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Dehcho negotiations resume in Hay River after eight-year stall

Dehcho First Nations lawyer Chris Reid speaks at the 2022 Annual Assembly in Fort Simpson
Dehcho First Nations lawyer Chris Reid speaks at the 2022 Annual Assembly in Fort Simpson. Caitrin Pilkington/Cabin Radio

For the first time since 2015, main table negotiations between Dehcho First Nations leaders, the NWT government and Canada have resumed in Hay River.

While the parties made efforts to resume talks in the intervening years, the discussion had not moved forward until now. Representatives of all three are reviewing a proposed Dehcho First Nations self-government plan.

Talks stalled in 2015 over land and resources. Dehcho members recently voted to temporarily set that issue aside in order to make headway on self-government.

Negotiators have focused on creating an agreement-in-principle that would outline the jurisdiction of local and regional Dehcho governments, and include agreements on governance, housing and education.



The Dehcho First Nations held virtual town halls over the past six months to plan its negotiation strategy with members and listen to feedback.

The Dehcho land use plan has been in development since 2001. The plan includes zoning for traditional land use areas, oil and gas, mining, agriculture, commercial timber harvest, tourism camps and even a potential special infrastructure corridor that could include pipelines.

Dehcho Grand Chief Herb Norwegian said he expected some aspects of that land use plan to arise in discussions. He is planning to visit all Dehcho communities in advance of the summer 2023 Dehcho Annual Assembly, where a final vote will determine if this land use plan is the one they will bring to the negotiating table.

“Over the last few years, the assembly got together and made a number of smaller decisions on how they wanted to move forward, but the big-ticket item – lands and resources – has just sat there,” said Norwegian.



He says while formal negotiations may have stalled, on the ground, conflicts over ownership have continued.

“The encroachment – people just slowly slipping into the cracks and government slowly moving in with their legislations and grabbing land, turning leased lands into titled properties without our consent – you see that in all the communities,” said Norwegian.

“And of course, the only way that you’re really going to deal with these kinds of things is to get back to the table and start talking lands and resources.”

What’s on the table now?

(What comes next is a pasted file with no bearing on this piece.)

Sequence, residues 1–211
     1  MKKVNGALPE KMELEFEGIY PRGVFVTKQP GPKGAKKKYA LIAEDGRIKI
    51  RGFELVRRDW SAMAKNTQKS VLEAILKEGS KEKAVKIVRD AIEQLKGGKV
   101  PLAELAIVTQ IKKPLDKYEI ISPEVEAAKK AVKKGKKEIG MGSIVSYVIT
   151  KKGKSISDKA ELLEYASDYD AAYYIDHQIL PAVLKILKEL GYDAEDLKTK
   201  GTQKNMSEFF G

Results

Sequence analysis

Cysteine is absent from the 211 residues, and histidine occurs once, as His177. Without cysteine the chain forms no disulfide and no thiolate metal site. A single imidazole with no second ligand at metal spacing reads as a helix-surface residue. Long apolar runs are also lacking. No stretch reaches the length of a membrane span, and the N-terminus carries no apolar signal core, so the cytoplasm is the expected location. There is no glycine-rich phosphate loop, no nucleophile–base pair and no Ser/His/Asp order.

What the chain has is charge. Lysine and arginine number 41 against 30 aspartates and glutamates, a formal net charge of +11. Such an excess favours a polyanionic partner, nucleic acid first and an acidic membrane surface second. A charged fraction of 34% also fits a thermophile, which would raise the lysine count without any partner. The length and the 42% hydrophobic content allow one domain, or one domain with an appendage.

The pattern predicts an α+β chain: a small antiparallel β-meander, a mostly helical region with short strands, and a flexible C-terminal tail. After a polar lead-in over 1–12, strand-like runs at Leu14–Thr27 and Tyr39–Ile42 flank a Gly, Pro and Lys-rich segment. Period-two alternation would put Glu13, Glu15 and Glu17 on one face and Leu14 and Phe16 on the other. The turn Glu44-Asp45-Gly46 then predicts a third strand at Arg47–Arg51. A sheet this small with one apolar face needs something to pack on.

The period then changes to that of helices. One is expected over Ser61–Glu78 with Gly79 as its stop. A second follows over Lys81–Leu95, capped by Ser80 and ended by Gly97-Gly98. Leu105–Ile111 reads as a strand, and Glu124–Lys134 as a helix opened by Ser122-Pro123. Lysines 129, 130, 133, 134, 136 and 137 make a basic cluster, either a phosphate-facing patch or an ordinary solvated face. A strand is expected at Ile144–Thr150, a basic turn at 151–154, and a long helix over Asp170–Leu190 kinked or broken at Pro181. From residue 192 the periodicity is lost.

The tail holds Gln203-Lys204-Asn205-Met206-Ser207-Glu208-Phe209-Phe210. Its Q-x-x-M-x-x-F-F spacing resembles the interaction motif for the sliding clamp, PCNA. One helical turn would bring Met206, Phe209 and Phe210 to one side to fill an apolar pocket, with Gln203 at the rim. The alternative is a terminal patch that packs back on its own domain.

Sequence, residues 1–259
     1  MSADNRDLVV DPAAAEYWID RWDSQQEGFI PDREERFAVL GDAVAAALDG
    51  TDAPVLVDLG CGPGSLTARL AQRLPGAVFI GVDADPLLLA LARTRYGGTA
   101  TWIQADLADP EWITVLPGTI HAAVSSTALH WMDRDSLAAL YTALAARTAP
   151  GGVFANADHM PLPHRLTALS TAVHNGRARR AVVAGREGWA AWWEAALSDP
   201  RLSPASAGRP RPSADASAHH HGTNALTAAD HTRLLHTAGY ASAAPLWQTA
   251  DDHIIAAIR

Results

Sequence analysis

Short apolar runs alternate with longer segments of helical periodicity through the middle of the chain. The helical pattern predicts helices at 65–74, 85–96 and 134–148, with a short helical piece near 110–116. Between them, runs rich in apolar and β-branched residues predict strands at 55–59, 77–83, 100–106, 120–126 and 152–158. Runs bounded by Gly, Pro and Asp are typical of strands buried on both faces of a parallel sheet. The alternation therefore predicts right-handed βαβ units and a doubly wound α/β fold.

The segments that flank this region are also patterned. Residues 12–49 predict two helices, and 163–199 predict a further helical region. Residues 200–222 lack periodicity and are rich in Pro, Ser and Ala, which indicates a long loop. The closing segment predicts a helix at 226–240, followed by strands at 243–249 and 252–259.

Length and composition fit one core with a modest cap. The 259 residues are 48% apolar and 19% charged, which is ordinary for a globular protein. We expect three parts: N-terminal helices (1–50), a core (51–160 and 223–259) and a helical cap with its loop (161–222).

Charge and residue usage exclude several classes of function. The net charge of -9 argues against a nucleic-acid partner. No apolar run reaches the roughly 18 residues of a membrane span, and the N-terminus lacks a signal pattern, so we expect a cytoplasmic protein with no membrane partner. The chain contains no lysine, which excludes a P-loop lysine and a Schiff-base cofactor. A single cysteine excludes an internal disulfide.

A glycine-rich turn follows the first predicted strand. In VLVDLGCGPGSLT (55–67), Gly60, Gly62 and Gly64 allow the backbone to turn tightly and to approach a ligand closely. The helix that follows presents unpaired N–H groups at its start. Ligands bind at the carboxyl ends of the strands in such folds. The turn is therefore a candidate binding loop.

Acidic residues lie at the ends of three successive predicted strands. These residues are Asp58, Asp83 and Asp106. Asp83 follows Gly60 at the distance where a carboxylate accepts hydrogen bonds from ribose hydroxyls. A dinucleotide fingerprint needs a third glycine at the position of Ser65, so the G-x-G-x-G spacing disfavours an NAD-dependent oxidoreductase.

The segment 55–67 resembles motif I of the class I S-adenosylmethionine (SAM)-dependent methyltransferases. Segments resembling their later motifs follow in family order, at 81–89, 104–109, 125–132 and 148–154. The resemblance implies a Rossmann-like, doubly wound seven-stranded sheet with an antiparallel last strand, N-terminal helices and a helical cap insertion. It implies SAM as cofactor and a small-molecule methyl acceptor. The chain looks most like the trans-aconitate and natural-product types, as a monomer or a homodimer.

In the latest negotiations, Dehcho First Nations representatives are seeking recognition from federal and territorial governments that Dehcho community governments are municipal governments and, as such, have jurisdiction over services such as land use, justice and housing.

Norwegian says that while it’s natural for parties to jockey for position and greater authority at the negotiating table, he’s hopeful that the past few years have established that collaboration is possible.

“To take a real reconciliatory kind of approach to this, we need to talk about balance and we need to talk about shared stewardship. We need to talk about joint decision-making, because we’re already doing that in the Dehcho,” said Norwegian, citing the development of the Edéhzhíe protected area, privately funded conservation in the Northwest Territories and an agreement over management of the Nahanni National Park Reserve as examples.

“This whole model of shared stewardship and leadership is something that already exists and is working well,” he said. “Here’s an opportunity for us to take an old shoe, put it on again and start making some tracks.”

While neither Norwegian nor the territorial government were able to provide an update on how the latest negotiations are going, they appear to share Norwegian’s optimism.



“The GNWT is pleased that the Dehcho First Nations are re-entering negotiations for a land claim and self-government agreement,” said Todd Sasaki of the NWT’s Department of Executive and Indigenous Affairs. “We are committed to working with the Dehcho and Canada to conclude an agreement that provides clarity and mutually benefits all parties.”

“We are working with partners to progress in modern treaty and self-government negotiations in a manner that is equitable, sustainable and that supports economic development for Indigenous Peoples,” said Randy Legault-Rankin, a spokesperson for the federal government.

Update: January 30, 2023 – 13:42 MT. An initial version of this article did not acknowledge receipt of a comment from the GNWT or Federal government.